Smartwatches and wearable computers are all the rage, although no one has nailed them yet, leaving the tech to languish in the (very) early-adopter phase. And while the manufacturers (and rumored manufacturers) include the usual suspects — Google, Apple, Samsung and others — it seems that the GPS industry may make a significant push too.
One advantage they have is that people already use their products and already have smartphones; getting you to upgrade an old device that you constantly use is a lot easier than selling you on a brand new product category. Let’s look at where the industry is now in terms of smartwatches…
Magellan is the first GPS manufacturer to hit the smartwatch market with their Magellan Echo. Designed to function as a sportwatch, it doesn’t even have a GPS chipset, so it’s almost a dumb terminal for your smartphone. But it displays your stats and integrates well with lots of fitness apps.
Garmin Approach S4
Meanwhile, the forthcoming Garmin Approach S4 golf sportwatch borrows more from the traditional smartwatch playbook in that it displays iPhone text and emails on it’s screen. Unfortunately there is no word yet on Android compatibility.
Looking to the future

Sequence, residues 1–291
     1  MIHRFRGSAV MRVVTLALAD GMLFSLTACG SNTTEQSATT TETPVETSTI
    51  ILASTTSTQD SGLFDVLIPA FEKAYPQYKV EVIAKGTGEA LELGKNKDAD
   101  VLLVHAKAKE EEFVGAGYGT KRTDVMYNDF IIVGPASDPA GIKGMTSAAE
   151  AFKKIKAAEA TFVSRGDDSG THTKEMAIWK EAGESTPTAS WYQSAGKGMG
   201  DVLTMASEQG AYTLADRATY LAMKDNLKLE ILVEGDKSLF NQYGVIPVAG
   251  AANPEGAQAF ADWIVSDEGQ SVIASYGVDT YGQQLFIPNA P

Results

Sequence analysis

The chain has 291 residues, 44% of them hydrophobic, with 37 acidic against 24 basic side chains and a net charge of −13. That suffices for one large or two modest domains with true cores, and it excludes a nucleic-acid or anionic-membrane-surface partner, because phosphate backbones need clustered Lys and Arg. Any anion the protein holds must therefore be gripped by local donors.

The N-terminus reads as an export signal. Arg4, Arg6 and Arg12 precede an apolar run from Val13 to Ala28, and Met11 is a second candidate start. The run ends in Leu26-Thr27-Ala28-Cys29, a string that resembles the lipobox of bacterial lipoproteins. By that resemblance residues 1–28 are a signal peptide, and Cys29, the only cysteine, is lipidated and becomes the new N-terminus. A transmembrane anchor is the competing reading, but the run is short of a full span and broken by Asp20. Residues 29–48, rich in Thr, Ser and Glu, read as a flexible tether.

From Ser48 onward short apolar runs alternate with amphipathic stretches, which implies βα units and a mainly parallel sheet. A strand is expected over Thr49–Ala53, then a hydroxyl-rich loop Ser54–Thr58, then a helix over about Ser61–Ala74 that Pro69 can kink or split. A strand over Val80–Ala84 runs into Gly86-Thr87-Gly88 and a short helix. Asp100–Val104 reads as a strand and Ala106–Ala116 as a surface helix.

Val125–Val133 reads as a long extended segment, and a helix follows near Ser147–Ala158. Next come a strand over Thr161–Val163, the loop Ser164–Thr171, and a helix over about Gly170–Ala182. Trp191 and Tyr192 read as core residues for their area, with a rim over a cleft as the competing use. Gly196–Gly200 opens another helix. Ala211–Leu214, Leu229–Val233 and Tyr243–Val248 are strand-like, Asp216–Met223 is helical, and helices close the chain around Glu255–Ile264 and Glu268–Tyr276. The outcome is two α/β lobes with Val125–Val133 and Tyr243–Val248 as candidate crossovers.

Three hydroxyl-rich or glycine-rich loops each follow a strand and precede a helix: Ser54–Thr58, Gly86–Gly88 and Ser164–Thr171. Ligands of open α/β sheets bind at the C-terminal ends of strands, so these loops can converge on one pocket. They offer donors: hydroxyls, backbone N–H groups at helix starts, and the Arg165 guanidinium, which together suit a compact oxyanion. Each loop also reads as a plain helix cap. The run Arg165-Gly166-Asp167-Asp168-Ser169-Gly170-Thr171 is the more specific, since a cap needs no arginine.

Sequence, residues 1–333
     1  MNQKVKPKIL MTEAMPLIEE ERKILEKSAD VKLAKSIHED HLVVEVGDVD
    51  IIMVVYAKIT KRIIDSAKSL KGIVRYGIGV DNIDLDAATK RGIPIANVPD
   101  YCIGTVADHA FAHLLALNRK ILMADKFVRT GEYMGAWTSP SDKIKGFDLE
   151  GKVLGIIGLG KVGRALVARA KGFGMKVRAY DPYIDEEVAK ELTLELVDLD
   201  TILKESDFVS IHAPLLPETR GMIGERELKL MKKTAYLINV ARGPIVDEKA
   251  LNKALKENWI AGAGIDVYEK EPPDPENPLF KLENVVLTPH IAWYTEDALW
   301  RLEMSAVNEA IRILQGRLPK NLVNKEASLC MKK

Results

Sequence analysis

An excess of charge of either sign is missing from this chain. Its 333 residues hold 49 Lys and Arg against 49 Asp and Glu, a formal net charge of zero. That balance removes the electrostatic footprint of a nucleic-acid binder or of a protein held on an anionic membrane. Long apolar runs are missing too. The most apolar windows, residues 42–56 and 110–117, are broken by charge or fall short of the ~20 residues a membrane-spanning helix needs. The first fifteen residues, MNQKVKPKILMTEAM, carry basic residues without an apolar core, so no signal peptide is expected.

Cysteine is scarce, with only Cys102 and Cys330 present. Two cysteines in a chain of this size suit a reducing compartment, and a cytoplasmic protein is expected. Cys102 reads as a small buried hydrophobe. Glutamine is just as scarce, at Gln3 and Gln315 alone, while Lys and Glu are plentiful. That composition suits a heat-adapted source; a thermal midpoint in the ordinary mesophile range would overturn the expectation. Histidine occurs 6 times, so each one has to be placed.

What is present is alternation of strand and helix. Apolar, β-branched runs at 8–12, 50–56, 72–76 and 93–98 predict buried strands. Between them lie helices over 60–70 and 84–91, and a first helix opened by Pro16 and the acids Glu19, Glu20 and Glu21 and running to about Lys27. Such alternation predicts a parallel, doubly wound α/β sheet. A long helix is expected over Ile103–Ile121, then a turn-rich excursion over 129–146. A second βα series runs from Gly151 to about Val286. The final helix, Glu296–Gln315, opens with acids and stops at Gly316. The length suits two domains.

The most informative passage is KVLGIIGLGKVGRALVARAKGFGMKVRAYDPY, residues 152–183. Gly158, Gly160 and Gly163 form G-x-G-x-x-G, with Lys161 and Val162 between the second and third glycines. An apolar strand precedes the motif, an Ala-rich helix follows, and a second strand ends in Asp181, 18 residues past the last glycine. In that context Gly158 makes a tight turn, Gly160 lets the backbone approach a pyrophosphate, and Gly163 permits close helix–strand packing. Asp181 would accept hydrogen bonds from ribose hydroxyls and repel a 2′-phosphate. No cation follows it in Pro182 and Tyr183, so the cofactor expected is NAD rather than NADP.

These early iterations give the companies a toehold in the market, a chance to see what resonates with consumers, and gives their engineers a proving grounds. I suspect this is just the first volley, with new smartwatches and “smart GPS” models to be announced at the Consumer Electronics Show and/or Mobile World Congress. Maybe something like the Garmin venu.
Imagining a smart GPS
Not that one — I think it was DOA. No, I’m envisioning a backcountry smart GPS. Here’s one use case — I’m mountain biking, grooving on single track, when the phone in my pack chirps a notification. Do I stop, dig it out and check it? Is it something I can ignore or is it my wife with an urgent message. I would love to have notifications pop up on the GPS on my handlebars, letting me know. And how about uploading my track to Garmin Connect and Facebook at the end of the ride? Or controlling the phone’s radios, allowing me to take it out of airplane mode long enough to check for messages? And I bet many readers have wished they could download the nearest geocaches on the fly.
What do you want?
Your turn! What would you like to see in terms of features and the way a GPS could interact with your phone? What are the other use cases for this type of tech?